This one is a non-technical tip I wanted to throw in there – whilst we’re busy getting the front-end of the website right, I think it pays to also think about how authors/admins will use the back-end of the website (N.B. here I mean ‘business admin’ rather than IT pro). Although this is probably verging on the ‘political’ side of things, I’d advocate making their life as easy as possible – they often have a loud voice within the client organisation, and if they have bad feedback on what you’re building that’s a black mark against you.

Slide bullets:

  • Consider providing custom tools if the ‘SharePoint way’ is not simple enough (e.g. user management)
  • If you use custom lists for site data, provide a link for authors to find them (e.g. using CustomAction)
  • Remember these people are rarely SharePoint gurus!

What it looks like:

Clearly this will look different for every project, but for our client we created a custom Site Actions sub-menu with some key links:


This sub-menu provides navigation to a couple of key lists used to power the site, but also to some custom screens we created for user management. Here, we also did some work to simplify things by wrapping up the relatively complex process of creating a user in the membership provider, adding them to various security groups across 2 sites (we had 2 ‘sister’ MOSS sites with single sign-on) and setting certain profile fields, into some simple screens which give a convenient summary of what just happened after creating a new user:


Finally, the ‘edit profile’ screens used by business administrators were adapted from those used by end users, so that the admins became very familiar with each step of the ‘profile wizard’ and were better able to support their users.

Tip #4 – plan for unexpected errors

This is an interesting area, partly because we’re talking about that category of things which ‘should never happen’, but sometimes do. Having this conversation with a client (or non-technical management within your own organization) can be fun because the typical response is "whaddya mean the website going to go wrong?", but anyone familiar with software development principles knows there is no such thing as bug-free software. So the important thing is how do we handle these cases when they do occur.

There are several tips here, so I’ll break them down into 4.1, 4.2 and 4.3:

 Tip #4.1 – implement ‘friendly’ pages for 404s and unhandled errors


In brief, users of a public-facing website should never see a .Net error if something goes wrong on the website! If this ever does happen, the user is left with the feeling that your website is unreliable and can lose confidence in the organisation – think about it, do you ever remember seeing this kind of error on

Slide bullets:

  • Typically use custom HTTP module to override SharePoint’s default error-handling behaviour, checking for:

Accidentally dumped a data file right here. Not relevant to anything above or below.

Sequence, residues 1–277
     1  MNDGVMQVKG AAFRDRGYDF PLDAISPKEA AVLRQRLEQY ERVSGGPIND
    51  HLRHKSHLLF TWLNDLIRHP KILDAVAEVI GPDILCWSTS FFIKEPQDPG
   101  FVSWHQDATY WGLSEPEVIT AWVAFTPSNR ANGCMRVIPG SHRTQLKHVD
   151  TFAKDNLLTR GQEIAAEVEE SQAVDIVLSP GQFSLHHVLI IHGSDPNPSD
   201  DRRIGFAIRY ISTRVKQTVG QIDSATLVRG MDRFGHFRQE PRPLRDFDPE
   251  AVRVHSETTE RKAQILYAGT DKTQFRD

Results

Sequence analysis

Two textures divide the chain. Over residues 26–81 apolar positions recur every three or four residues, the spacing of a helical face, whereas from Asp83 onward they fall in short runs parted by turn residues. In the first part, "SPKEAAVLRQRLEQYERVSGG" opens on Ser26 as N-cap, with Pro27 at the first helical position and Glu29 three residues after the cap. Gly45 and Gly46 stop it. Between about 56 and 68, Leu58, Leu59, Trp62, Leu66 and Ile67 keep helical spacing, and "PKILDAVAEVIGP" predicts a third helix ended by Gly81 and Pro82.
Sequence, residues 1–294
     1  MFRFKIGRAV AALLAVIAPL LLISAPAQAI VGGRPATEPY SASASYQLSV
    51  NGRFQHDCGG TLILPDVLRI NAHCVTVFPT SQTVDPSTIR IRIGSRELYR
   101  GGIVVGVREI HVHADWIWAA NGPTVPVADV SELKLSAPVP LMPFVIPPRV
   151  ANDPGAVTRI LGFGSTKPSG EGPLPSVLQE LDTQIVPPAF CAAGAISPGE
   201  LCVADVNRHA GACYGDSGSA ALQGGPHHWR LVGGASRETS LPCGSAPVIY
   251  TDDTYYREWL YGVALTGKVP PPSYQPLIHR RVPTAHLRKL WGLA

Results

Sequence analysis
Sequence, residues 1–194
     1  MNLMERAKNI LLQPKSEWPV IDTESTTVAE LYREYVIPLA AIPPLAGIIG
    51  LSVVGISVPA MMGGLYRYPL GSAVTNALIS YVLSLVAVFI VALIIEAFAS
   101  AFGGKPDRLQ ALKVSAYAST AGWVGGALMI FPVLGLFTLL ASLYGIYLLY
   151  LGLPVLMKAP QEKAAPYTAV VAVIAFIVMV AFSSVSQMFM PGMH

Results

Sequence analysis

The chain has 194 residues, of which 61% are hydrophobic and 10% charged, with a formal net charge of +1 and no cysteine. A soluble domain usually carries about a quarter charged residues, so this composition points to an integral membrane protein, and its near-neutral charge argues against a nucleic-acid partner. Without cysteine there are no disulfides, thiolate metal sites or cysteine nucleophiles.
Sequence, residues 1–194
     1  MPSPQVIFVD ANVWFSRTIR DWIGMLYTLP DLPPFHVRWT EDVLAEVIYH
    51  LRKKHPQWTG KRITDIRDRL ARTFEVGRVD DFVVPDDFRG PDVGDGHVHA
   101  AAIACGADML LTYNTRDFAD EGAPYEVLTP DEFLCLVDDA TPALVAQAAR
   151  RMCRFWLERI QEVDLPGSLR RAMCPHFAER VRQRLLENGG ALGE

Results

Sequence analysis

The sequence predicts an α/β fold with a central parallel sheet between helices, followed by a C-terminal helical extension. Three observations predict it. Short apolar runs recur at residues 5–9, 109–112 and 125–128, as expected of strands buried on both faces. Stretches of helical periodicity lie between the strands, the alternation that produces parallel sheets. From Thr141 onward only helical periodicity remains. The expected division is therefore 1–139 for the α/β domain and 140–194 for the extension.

• HttpContext.Current.Server.GetLastError()
    • HttpContext.Current.Response.StatusCode = 404

What it looks like:

On the Standard Chartered site, our ‘friendly’ message looks like:


Tip #4.2 – implement e-mail notifications to developers for errors


Sorting the user experience is one thing, but what about actually fixing the source of the problem? A key element of this is being alerted whenever a user does experience a problem, rather than relying on them reporting it. When I first told the team we’d be implementing this, I was really thinking about the UAT phase, and also that critical week or two after go-live when you’ll occasionally discover some latent issue which had managed to hide itself throughout all the testing. However, what we found is that we got even more value from this in the earlier dev/testing phases. At LBi, the test team sit near the development team, so when the Outlook ‘toast’ popped up with an exception message which wasn’t ‘known’ by the team, I’d use the information in the e-mail to work out which tester triggered the error, then armed with the stack trace and other information, shout over and ask exactly what they had done to arrive at the problem. Much more efficient than waiting for a full bug report at the end of the day/week!

Slide bullets:

  • Means an error cannot happen without the team being aware
  • We built this for production, but was even more useful in dev/testing!
  • Implemented in same custom HTTP module as error page redirection

What it looks like:


Tip #4.3 – implement proper tracing in your code


So being alerted about unhandled exceptions is one thing, but the stack trace and other details in the e-mail are often not enough information to actually fix the bug easily. This can be because we can’t see exactly what happened in the code (e.g. values of variables) leading up to the error. The only real way to obtain this information from production servers (or anywhere where we can’t use the debugger) is to add trace/log statements to your code, which when enabled will write out these details as the code executes. Since this has to be done manually, clearly the trade-off here is the time to implement this robustness. I would strongly recommend using a code productivity tool such as ReSharper (e.g. going beyond Visual Studio snippets) to drop in these statements quickly rather than relying on typing or copy/paste.

Slide bullets:

  • Provides ability to quickly locate bugs in your code
  • Trade off is time/effort to implement
  • Consider productivity tools such as ReSharper/CodeRush to lessen impact

What it looks like: